"Brandy isn't what you need, soldier," she said. The man stiffened and closed his eyes as she slit the field-dressing with a small razor-edged knife and examined the torn flesh carefully, maintaining pressure with a pad of gauze. "Did you use the blessed powder?"
"Yis, m'lady," he gritted. "Hurt summat." Iodine did that.
"It will probably save your leg," she said; the man slumped slightly in relief. "The bone's broken, but it's a clean fracture and the hamstring's not cut. I can feel the ball—close to the surface, right here." She taped a new cover over a fresh bandage. "There'll be an ambulance cart along to take you to the Sisters soon enough, and you'll be fit for duty in six months. Take some of this. Not too much; we don't want you passing out."
"Ye're an angel, m'lady," the man said fervently. "Spirit bless ye an' Messer Raj too!"
The officers looked at each other. "Doesn't really seem to be much for us to do here," Poplanich said mildly, then broke into a broad grin. His hand shooed away some of the swarming flies; the cries of the scavengers, hissing and shrieking, were raucous in the background.
Raj smiled back, for the first time since he returned to camp. "And we're likely to be needed back south," he said. Gerrin's finished off twelve thousand of the enemy. Now we've fifty thousand more coming at us.
"Sixty thousand if it's one, Major, Spirit be with us," the Slasher captain said in his singsong borderland accent. "Malash. The Spirit appoints our rising and our going down."
An' ye'll nivver see that comin' down t' road from Blayberry Fair, Mekkle Thiddo quoted to himself in County dialect. Instinctively he crouched a little lower on the ridge, pressing his body against the rough-barked trunk of the olive tree.
"Well, that solves the problem of which route they're taking. They're using all of them. Runner to Major Zahpata with the other column, Captain Belagez: our location, and that we're engaging."
The sight of the Squadron host was stunning enough, spreading from the sea on the east to the edge of sight on the west. A huge clot of them were shambling down the road, ox-drawn wagons and a rabble on foot that must be the servants and unarmed followers. The mounted Squadron lords and their retinues sprawled over the open country by twos and threes, by scores and hundreds; enough of them that they flowed over the stubble and through the orchards like dark water on the sere yellow and green. A huge mist of dust smoked up over them, hiding the endless waves that followed, and the packs of spare dogs. The sound was like a long slow roar of surf.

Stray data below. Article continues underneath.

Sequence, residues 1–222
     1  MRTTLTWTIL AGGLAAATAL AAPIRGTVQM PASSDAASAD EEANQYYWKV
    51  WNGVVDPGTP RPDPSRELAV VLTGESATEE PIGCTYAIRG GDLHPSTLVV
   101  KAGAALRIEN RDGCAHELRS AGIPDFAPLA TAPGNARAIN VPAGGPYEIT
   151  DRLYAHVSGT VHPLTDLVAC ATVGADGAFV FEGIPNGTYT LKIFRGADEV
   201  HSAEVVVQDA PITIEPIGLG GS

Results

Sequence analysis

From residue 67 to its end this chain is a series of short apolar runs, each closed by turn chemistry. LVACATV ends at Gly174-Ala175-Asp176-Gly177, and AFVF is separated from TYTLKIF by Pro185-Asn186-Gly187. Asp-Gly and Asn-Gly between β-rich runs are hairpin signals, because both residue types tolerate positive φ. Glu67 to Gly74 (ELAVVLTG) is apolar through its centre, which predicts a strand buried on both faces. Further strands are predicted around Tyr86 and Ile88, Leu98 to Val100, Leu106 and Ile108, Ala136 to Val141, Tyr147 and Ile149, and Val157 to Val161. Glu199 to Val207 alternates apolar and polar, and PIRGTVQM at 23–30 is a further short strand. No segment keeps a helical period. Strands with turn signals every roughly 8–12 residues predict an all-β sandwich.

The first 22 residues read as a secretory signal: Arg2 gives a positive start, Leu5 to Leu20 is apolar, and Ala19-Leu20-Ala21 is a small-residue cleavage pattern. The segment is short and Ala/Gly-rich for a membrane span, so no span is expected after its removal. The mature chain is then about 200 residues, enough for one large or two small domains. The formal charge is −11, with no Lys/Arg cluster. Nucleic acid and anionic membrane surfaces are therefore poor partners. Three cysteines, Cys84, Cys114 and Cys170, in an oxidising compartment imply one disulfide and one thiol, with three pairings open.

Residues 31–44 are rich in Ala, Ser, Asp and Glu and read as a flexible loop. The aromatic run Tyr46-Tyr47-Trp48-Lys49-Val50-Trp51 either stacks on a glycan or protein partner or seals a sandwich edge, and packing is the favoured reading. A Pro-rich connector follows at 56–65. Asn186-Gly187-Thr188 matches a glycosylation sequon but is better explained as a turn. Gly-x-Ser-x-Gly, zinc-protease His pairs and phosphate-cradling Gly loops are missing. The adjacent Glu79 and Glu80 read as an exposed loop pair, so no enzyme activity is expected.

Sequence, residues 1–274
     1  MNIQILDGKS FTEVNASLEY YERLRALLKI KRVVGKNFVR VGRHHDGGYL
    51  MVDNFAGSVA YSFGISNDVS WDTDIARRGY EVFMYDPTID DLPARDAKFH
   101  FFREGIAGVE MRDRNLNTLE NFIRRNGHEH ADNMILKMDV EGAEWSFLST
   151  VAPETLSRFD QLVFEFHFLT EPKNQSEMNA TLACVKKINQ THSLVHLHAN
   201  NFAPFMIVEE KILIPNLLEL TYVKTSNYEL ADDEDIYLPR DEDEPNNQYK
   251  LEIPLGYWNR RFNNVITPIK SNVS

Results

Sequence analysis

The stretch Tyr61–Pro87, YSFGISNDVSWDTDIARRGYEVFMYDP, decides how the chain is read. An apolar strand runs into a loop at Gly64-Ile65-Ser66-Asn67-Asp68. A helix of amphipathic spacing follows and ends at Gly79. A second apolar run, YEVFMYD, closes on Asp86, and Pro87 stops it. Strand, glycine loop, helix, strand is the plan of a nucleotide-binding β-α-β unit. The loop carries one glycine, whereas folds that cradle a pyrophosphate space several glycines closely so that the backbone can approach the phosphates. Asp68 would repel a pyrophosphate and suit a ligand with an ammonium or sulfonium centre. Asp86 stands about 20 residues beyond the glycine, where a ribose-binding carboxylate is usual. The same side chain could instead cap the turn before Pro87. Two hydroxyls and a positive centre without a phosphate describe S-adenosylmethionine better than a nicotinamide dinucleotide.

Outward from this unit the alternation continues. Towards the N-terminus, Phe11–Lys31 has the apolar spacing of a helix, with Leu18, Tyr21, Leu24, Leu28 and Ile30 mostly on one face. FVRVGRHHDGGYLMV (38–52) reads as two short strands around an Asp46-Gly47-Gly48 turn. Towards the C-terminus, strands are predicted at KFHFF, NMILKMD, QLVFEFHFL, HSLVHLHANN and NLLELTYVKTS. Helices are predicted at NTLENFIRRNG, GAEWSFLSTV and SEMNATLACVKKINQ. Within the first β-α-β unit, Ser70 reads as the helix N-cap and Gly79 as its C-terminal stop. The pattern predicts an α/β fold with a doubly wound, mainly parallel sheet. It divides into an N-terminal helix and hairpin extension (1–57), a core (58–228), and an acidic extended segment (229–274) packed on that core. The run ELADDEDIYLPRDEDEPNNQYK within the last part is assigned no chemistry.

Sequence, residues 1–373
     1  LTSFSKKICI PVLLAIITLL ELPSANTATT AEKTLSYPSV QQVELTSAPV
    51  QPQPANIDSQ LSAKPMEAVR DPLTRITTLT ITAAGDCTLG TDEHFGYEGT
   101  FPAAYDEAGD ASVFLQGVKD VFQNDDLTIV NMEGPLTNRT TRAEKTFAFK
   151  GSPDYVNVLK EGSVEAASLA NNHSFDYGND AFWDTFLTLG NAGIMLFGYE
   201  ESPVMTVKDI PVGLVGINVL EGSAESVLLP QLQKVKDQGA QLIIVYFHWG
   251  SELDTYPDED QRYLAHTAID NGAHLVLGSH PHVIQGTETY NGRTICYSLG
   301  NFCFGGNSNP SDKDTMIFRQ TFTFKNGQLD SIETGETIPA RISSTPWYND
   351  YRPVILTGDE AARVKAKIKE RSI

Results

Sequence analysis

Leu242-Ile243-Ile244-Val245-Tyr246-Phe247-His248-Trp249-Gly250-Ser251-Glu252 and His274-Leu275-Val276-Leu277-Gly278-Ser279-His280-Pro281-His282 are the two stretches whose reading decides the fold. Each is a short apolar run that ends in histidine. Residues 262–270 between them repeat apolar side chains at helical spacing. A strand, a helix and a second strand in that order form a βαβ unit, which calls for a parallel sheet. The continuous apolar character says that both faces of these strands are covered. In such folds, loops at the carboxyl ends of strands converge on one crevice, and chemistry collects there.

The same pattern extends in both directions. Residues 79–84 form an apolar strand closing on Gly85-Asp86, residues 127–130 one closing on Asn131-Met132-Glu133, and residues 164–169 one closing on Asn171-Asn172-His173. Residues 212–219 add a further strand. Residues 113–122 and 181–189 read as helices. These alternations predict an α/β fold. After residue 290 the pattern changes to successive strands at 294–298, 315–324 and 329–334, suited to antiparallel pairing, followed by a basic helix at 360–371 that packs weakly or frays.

Thiddo raised his binoculars. Faces jumped out at him across the kilometers; there were groups ranging from a lone freeholder with a rusty musket, ambling along on a gray-muzzled dog, to the households of magnates glittering with metal-studded saddles and jewelry.
"Nothing to worry about, Peydro," he said. Although it's more than enough to piss your britches for. He touched the amulet at his throat, and the locket with the picture of his wife. "Not a cannon among them, and most of these barbs have never heard a shot fired in anger."
There might be a few ox-drawn brass guns among the host, but if so they were back among the transport and useless. The border barons who fought the desert and mountain tribes were too far away to have answered the summons so soon, and the best of the Squadron levy were away with Curtis Ashburn. And sixty thousand more were barreling down on his three battalions. My three battalions. A third of the Expeditionary Force's striking power, fifteen hundred lives, and they all depended on him.
He turned and slid back downslope to where the others waited. "Right," he said, in the cool tones he'd heard Messer Raj use. "Majors Dalhouse and Istban, keep your force well-concealed on this ridge. When we come back"—because he was damned if he was going to put the tricky part in Dalhouse's hands, not when everyone's arse depended on it being done right—"give them rapid volley fire by companies as soon as we're clear. Lieutenant Muhadez, open fire with airburst shrapnel at three thousand meters."
The gunner nodded, looking up from his rangefinder. "Seyor," he said, nodding. The commander of the Novy Haifa Dragoons added the same; Dalhouse grunted wordlessly.
Thiddo gave a final look both ways. The two supporting units were spread along the ridge just below the crest in double file, with their dogs crouched only a few meters behind them. The guns likewise, with the teams crouching in their harness and still hitched to the caissons; all they'd have to do was let the last round roll the weapons back from the crest, slap the trails onto the caissons and gallop away.
Nothing to do but stand ready and then shoot, he thought, turning to his own command.
The company officers crowded around him: dark as Descotters but more slightly built, mostly bearded, with the ends trimmed to points. They had khaki-colored cloths wound around their helmets and crimson sashes under their sword-belts; merrier than County men, swifter-witted on average although less steady, and fine foray-and-ambush fighters from generations of fighting Bedouin raiders on the Drangosh frontier with the Colony… and from raiding over it themselves, of course. Like weasels in a henhouse with civilians, unless you watched them. They grinned at him now, unconcerned at having an outsider appointed over them as long as it was by Messer Raj, the Spirit-blessed general who'd sent the head of the Colony's Settler back to East Residence in a keg of arrack.